After four nights, about half of us said farewell and returned home, each person marveling at how much experience had been packed into such a short trip. The rest of us stayed on for the extended portion, featuring travel into western Cuba. This part of the trip did not include any CLEs, but provided even more opportunity to meet with Cubans and to see life outside of the major international destinations. On a day trip from Havana to Pinar del Rio, a smaller town about two hours away, we visited Proyecto Grabadown, an innovative art school and community center for children born with Down Syndrome, where we were treated to a dance performance and samples of the students’ art. We then swung through the Viñales Valley, considered to be the most beautiful place in Cuba. Steep limestone formations called mogotes rise high into the air there like towering islands in a sea of grass, a stunning geological phenomenon found almost nowhere else in the world. Before this backdrop, we visited an organic farm and restaurant where we enjoyed a true field-to-table experience, and learned about traditional Cuban agricultural methods for protecting crops without the use of pesticides. At a family-run tobacco farm, we learned about the cigar-making process and enjoyed sampling specially prepared cigars the family makes from the 10% reserve of the crop they are allowed to keep for private use.
The final two nights of the extended trip were spent in Cienfuegos, a town on the Gulf of Cazones near the Bay of Pigs. Known as the Pearl of the South, the city is a UNESCO World Heritage Site that was settled by primarily French immigrants in the early 1800s. Even more so than in Havana, in Cienfuegos it was apparent that there is more than meets the eye to many of the stained, cracked and generally nondescript facades you can see from the street view. One of the casas particulares the group stayed in had a gorgeous blend of original 19th-century neoclassical and Mughal-style elements, including an enclosed marble spiral staircase, interior balconies overlooking a courtyard, and 15-foot ceilings painted with cherubic murals; there was no hint from the exterior as to the beauty inside.
Basing out of Cienfuegos, we visited Trinidad, another UNESCO World Heritage Site, as well as Valle de los Ingenios, the historical center of Cuba’s sugar production. In sweltering heat, we drank mojitos and chewed on fresh sticks of sugar cane. Throughout the trip we encountered many aspects of Cuba’s 500-year history, but the sugar plantations are of particular importance. It was Cuba’s sugar production that made it an important stop on the transatlantic slave route, bringing the country wealth and people and ultimately creating the Afro-Cuban culture that defines it today. Throughout the trip, this history was ever-present, in the music we heard, in the works of art we saw, and of course in the appearance of Cubans themselves, who are highly cognizant of their blended heritage even if some issues of colorism and prejudice stubbornly persist. Most Cubans follow at least some of the traditions of Santería, a syncretic religion formed from the admixture of Catholicism, traditional African belief systems and whatever spiritual elements were preserved from the Taino peoples who originally populated the island. We were informed that after opening a bottle of liquor, a good Cuban should pour some on the ground to honor the orishas, manifestations of supreme divinity originating in ancient Yoruba religion.
On the last day of the trip, we visited the Che Guevara Mausoleum in Santa Clara. While the communist government was a frequent topic of conversation throughout the excursion, this was the first time I felt anything like a government presence. From talking to earlier visitors, I had heard about routine police stops on the street, propaganda and other authoritarian elements. But other than seeing a couple of military vehicles while we were driving from city to city, in my experience Cuba was notable for an absence of recognizable government or police presence. Other than one anti-blockade billboard we passed on the road, most of the propaganda we saw was confined to the inescapable images of Fidel and Che — along with Jose Martí, the Spanish-era revolutionary poet and political theorist who Cubans often speak of as their least morally ambiguous national hero. I saw posters from a government anti-homophobia campaign, as well as presumably illegal posters protesting the incarceration of Cuban political prisoners. While all of our hosts evinced discomfort with saying anything explicitly disparaging of the system of government, they often spoke questioningly or critically about specific government policies.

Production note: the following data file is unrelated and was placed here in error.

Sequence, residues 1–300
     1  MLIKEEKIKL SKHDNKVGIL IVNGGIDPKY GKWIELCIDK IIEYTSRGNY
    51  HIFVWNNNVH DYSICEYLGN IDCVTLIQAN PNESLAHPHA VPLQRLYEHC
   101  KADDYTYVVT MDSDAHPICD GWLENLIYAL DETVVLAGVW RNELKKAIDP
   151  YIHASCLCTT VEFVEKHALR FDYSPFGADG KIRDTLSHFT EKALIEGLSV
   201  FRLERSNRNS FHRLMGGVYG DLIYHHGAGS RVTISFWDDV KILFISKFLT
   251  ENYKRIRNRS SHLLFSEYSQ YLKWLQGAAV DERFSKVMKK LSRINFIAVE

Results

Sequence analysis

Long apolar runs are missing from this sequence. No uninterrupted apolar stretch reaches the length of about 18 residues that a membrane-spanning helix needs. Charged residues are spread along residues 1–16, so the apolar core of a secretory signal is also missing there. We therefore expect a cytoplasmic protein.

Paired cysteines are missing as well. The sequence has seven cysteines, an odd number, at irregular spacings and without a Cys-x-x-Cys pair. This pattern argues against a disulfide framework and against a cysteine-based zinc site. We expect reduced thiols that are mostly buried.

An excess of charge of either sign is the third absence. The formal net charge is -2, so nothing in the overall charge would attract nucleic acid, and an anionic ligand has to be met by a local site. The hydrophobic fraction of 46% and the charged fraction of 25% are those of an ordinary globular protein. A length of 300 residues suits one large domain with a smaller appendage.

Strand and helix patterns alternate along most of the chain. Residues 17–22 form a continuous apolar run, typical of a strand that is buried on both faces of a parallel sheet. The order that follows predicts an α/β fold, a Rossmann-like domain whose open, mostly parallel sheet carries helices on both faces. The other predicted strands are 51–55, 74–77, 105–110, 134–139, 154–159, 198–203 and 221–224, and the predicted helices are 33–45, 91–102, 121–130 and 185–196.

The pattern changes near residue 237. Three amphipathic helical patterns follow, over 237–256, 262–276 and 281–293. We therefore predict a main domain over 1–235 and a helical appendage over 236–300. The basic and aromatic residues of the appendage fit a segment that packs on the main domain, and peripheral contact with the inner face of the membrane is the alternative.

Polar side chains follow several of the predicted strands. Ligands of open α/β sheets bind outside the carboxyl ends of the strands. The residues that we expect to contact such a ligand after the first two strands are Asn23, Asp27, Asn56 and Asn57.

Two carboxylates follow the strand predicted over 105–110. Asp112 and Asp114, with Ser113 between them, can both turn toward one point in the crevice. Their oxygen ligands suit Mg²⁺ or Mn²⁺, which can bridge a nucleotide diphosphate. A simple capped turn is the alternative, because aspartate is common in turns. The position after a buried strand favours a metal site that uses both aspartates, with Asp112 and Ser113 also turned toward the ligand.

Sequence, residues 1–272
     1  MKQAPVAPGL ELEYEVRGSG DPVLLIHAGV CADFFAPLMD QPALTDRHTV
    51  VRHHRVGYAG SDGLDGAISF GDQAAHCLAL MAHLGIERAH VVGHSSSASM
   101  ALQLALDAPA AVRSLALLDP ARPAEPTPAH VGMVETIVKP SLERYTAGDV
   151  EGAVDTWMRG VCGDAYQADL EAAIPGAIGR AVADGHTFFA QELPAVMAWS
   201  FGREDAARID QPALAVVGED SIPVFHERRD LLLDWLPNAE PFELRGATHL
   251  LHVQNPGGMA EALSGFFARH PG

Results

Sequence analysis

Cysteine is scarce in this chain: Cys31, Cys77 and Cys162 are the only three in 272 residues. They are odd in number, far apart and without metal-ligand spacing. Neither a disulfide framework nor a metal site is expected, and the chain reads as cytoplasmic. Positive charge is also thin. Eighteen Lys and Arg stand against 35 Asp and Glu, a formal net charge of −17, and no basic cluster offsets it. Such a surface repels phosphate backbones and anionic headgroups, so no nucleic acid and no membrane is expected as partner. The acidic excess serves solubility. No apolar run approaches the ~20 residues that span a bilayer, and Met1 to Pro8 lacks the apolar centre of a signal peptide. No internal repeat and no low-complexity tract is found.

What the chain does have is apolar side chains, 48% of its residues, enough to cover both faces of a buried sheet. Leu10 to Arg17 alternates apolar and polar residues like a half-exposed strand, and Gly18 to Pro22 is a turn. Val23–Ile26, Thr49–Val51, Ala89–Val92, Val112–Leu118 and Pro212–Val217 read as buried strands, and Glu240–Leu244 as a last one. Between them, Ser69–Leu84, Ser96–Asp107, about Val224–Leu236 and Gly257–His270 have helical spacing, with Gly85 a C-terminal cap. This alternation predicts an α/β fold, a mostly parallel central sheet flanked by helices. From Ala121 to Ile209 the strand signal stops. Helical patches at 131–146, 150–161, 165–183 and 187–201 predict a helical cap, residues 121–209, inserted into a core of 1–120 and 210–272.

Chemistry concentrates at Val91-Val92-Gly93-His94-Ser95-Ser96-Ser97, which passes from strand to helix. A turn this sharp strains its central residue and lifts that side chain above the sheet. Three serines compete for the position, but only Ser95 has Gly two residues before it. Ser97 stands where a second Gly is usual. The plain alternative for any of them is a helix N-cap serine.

The Che Guevara Mausoleum was the only place where I sensed something like a religion of the state, most obviously expressed by the severe young women who served as guards and put an immediate stop to anything they deemed remotely inappropriate for that sacrosanct space. I was glad for the reminder, before returning to the States, that Cuba does have an authoritarian, communist government, and its citizens are not free in the way Americans understand the word. It felt like a dose of reality that would have been very easy to avoid otherwise, amidst the salsa music and dancing and free-flowing “Vitamin R,” as the Cubans call their rum.
The week after we returned to the States, Raul Castro stepped down as president of Cuba. We were unexpectedly among the last Americans to set foot in the country during the 60-year Castro regime. At the time, the Cubans we met were cautiously optimistic about their political future. Much has changed there in the last few years, largely starting with the “Cuban thaw” initiated by President Obama, who is beloved in the country as the first U.S. president in decades to acknowledge the common humanity of Cubans and Americans. It is still too early to say how the new political regime in Cuba will behave, or what its relations with the American government will be. The character of this relationship has major implications for average Cubans. The tension that Cubans underscored for us was the question of how to meet the standards of a freer, more open society and survive in a capitalist global economy, without losing the systems that currently guarantee all Cuban citizens at least a minimal standard of living. This is something they seem generally unwilling to compromise on. As an American, I for one was unable to provide many reassuring solutions to that dilemma.
Having now spent time in Cuba, having made an acquaintance with people there and seeing a bit of how they live, I hope against hope that our two countries can continue forward in the spirit of rapprochement. We are both vibrant, multi-ethnic societies with roots in Europe, Africa, and the indigenous cultures of the Americas, marred by periods of discord and human rights abuses, but renowned for our cultural exports, our natural beauty, and our ability to survive adversity. We make better friends than enemies, or at least we should.
Journeying to Cuba was easily one of the most surprisingly profound travel experiences I have ever had. The rest of this year’s participants echoed that sentiment. We were all of varying ages and backgrounds and political persuasions. Yet we were unanimous in finding Cuba to be a beautiful, eye-opening, expectation-shattering place, somehow just a 45-minute flight from the tip of Florida. D